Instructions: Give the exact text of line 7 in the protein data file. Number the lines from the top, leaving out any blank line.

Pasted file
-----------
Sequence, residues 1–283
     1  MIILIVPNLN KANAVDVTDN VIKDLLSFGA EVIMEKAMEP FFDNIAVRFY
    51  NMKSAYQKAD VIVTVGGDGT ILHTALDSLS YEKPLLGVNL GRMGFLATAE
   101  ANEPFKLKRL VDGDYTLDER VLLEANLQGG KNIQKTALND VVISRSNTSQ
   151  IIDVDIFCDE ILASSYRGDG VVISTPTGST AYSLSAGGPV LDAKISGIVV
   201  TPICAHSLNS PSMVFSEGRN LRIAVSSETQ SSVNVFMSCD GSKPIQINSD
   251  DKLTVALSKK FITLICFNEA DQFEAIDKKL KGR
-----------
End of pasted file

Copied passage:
   251  DKLTVALSKK FITLICFNEA DQFEAIDKKL KGR